As for suspension design, most companies make great full suspension bikes now and there is definitely not one way to go.  As long as you do your research in general the more you spend (within each company) the more you will get (the shocks themselves will be better). Spend enough to get at least rebound adjustment on both front and rear suspension.  As for brakes you definitely want hydraulic disc brakes.

I hate to but a price on this because nearly all bike store bought bike are pretty darn good these days but if look at $2,000 msrp bikes and up you will get a lot of nice features such as good components and quality shocks and forks

Well that sums up what I am looking for in a 26″ mountain bike.  The two main things are a slack head angle (67-68.5 degrees) and a longer top tube (over 24 inches for a large).

Another option is definitely a 29er. I love 29ers and feel that they are a great bike for many riders.  Since this is about confidence inspiring bikes first I will mention where 29ers really shine, going over obstacles! Their taller tires just plain roll over things easier. The only real down fall (confidence inspiring wise) is many 29ers have steep head angles to keep their wheel base short (this is slowly changing at some companies) which has made many of my students say that they were intimidated on steep descents.

The pro’s of 29ers: They get over obstacles easier, they hold their momentum well, they have better traction do to a larger contact patch, they plain ride smoother and with less effort

The con’s of 29ers: Their big gyroscopes (wheels) make going from tight left to right turn slower and more difficult, their longer wheel base makes tight switchbacks more difficult, they are a bit more cumbersome, especially in the air, they don’t fit shorter riders well (they make them to fit short riders but the handle bars end up way to high for good body position), they are bit slower to accelerate.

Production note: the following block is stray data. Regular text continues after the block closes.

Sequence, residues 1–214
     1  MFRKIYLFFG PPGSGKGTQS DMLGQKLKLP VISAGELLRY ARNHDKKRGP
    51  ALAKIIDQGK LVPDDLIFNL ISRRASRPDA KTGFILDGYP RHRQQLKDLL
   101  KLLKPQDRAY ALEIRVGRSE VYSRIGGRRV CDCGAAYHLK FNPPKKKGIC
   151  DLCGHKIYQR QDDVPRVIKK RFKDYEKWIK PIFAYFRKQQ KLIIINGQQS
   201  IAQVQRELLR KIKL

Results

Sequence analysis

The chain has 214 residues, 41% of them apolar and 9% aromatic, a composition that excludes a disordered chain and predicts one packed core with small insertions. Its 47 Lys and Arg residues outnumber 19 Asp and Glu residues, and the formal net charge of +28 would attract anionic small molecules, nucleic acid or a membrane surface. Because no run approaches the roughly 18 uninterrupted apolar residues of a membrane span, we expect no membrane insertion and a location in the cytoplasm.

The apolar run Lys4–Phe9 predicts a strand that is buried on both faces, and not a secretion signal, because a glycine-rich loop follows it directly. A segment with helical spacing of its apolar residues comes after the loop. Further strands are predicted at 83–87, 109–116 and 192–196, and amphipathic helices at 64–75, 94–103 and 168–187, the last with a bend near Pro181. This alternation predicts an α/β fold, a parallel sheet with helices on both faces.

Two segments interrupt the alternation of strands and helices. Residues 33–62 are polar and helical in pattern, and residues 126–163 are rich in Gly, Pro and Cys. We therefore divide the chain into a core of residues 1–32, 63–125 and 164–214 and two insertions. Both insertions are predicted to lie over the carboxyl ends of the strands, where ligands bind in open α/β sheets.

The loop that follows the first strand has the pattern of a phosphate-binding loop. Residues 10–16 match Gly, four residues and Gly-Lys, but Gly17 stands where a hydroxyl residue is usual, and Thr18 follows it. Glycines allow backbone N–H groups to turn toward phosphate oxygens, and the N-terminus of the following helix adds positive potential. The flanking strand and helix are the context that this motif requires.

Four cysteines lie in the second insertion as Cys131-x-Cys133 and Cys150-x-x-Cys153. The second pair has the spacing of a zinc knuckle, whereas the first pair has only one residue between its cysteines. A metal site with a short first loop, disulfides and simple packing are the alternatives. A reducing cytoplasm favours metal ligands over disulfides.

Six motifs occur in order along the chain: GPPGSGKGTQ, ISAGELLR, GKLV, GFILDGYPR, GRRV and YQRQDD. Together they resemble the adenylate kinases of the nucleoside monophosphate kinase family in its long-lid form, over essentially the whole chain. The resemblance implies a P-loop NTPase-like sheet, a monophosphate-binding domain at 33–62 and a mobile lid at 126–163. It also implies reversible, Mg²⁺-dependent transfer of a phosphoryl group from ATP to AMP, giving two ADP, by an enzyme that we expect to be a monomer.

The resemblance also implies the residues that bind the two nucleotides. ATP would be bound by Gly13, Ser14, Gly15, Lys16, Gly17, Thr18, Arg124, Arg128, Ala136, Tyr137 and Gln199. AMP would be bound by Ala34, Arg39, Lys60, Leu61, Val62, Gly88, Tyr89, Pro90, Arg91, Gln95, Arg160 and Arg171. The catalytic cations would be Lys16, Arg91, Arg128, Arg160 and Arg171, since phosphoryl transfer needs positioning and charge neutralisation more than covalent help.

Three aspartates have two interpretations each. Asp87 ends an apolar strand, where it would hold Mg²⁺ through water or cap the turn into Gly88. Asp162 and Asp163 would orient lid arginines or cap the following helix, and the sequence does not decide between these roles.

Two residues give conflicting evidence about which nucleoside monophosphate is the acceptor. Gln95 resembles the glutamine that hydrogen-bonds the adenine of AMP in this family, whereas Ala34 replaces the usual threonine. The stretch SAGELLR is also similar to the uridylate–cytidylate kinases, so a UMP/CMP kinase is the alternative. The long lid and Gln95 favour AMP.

In short for riders who really enjoy cornering and jumping 29ers are not the best choice (yet). For most other riders, especially riders that really enjoy long rides and want to make getting over “step up” type obstacles easier, 29ers are great.

What good are skills if you can’t use them under pressure?

I just received this email from a student:  “Hi Gene,
I’ve really started to feel the effects of your camp and my technique has got a hell of a lot better, when I’m racing i feel so confident and fast in practice

But then when it gets to seeding and race runs this all goes out of the window and i just end up falling off, I’m not riding outside of my limits and i know that i can ride well enough to be threatening the top spot in my category but i just seem to not be able to manage the pressure and the mental side of things.

Any tips on race mentality etc??”

This a tough thing for many racers and as I mentioned a few times in
my camp, what good are all the skills if you can’t use them when
needed?

You need to toughen up your mental game. First, remember there is